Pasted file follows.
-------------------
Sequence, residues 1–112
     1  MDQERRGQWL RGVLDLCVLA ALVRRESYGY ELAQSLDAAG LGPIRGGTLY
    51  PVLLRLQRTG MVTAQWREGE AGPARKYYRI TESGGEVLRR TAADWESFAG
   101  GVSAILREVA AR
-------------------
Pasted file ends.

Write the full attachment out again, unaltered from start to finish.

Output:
Sequence, residues 1–112
     1  MDQERRGQWL RGVLDLCVLA ALVRRESYGY ELAQSLDAAG LGPIRGGTLY
    51  PVLLRLQRTG MVTAQWREGE AGPARKYYRI TESGGEVLRR TAADWESFAG
   101  GVSAILREVA AR